Now we need to determine which character codes our TMP font will support. This will vary based on many factors unique to the target language, but the core concept is that we want to inform Font Asset Creator which character codes from your alphabet to compile into your TMP font. Any characters not added to TMP font asset will continue to display as question marks in game.

There are multiple ways to describe which characters to use. You can select from a basic list of settings, use decimal/hex ranges, import from another TMP font, import from a file, etc. Whatever method you use, keep track of the settings so you can add to it later if any characters are found missing.

In this example, we’re going to use a subset of Hangul alphabet by directly entering the characters required. It’s better to start with a subset of characters for the region/dialect you’re targeting rather than just trying to include everything. Some languages have thousands of characters which can result in an unusable TMP atlas without enough fidelity.

  1. In Font Asset Creator, drop down Character Set selector and choose Custom Characters
  2. Copy and paste the following custom characters into the Custom Character List text box. Note the very first character is a space character.
 ABCDEFGHIJKLMNOPQRSTUVWXYZabcdefghijklmnopqrstuvwxyz가개갸거게겨고괴괘교구귀궤규그긔기나내냐너네녀노뇌놰뇨누뉘눼뉴느늬니다대댜더데뎌도되돼됴두뒤뒈류드듸디라래랴러레려로뢰뢔료루뤼뤠류르릐리마매먀머메며모뫼뫠묘무뮈뭬뮤므믜미바배뱌버베벼보뵈봬뵤부뷔붸뷰브븨비사새샤서세셔소쇠쇄쇼수쉬쉐슈브븨비아애야어에여오외왜요우위웨유으의이자재쟈저제져조죄좨죠주쥐줴쥬즈즤지차채챠처체쳐초최쵀쵸추취췌츄츠츼치카캐캬커케켜코쾨쾌쿄쿠퀴퀘큐크킈키타태탸터테텨토퇴퇘툐투튀퉤튜트틔티파패퍄퍼페펴포푀퐤표푸퓌풰퓨프픠피하해햐허헤혀호회홰효후휘훼휴흐희히역을선택십시1234567890‘?’“!”(%)[#]{@}/&\<-+÷×=>®©$€£¥¢:;,.*…

The above characters are enough for this tutorial, but will need to be expanded for full language support. This is how it looks in Font Asset Creator. We’re also adding the basic English alphabet to have a well-rounded font that can still display any untranslated English text.

Click Generate Font Atlas to render all the specified characters into a TMP atlas. Once you’ve created the atlas, you’ll see all the characters packed like below. Click for full size.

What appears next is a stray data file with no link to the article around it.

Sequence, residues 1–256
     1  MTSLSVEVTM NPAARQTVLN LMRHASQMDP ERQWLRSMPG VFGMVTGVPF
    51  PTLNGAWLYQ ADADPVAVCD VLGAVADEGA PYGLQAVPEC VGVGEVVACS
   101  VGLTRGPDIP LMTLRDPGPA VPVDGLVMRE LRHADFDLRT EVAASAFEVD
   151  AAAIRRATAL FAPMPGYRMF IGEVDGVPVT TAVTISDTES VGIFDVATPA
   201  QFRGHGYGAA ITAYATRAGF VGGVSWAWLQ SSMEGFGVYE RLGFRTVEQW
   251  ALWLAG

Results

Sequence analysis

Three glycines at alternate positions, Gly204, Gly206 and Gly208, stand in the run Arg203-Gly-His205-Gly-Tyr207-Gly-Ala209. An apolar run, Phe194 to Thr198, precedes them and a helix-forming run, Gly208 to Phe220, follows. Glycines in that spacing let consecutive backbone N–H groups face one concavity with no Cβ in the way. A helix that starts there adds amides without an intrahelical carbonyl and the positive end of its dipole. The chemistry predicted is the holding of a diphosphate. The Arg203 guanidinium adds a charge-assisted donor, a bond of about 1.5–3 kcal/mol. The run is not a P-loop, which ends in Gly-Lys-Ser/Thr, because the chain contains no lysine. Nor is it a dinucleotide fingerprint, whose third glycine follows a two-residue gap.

TextMeshPro renders glyphs using signed distance fields (SDF). How this works is outside the scope of this tutorial, but to summarise it’s a way of representing fonts using mathematical values that can maintain smooth shapes at any resolution.

In the output field, take note of the Missing characters, Excluded characters, and “characters missing from font file”. This will display any character codes you requested but could not be found in the provided TTF/OTF font. If your source font is missing any important characters, then it’s necessary to locate another TTF/OTF font containing those characters.

Depending on your font requirements, you might want to increase Atlas Resolution, e.g. to 4096×4096 or higher to support more characters with good fidelity. You can also adjust packing method, sample size, etc. for your specific font needs.

For this tutorial, the atlas generated above is good enough. Click the Save button and save your new TMP font to DemoTranslationMod/Resources. We’ll use the default name in a moment, please don’t change it. This creates a new TMP font asset like below with the name “NotoSerifKR-Regular SDF”.

This new SDF asset contains the atlas and other information required to render the TMP font in Daggerfall Unity. You can come back and recreate the font later with different properties or more characters if needed.

Associate Font With Locale

There’s one more step before can see this font in game. We need to associate our custom font with the correct locale so that Daggerfall Unity knows to use it. This is done using the StartupScript.cs code we created previously.

Open StartupScript.cs in your code editor and replace the entire contents with below. Don’t forget to save your changes!

using UnityEngine;
using UnityEngine.Localization;
using UnityEngine.Localization.Settings;
using DaggerfallWorkshop.Game;
using DaggerfallWorkshop.Game.Utility.ModSupport;
using DaggerfallWorkshop.Game.UserInterface;

namespace DemoTranslationMod
{
    public class StartupScript : MonoBehaviour
    {
        // Define the names of translated string table collections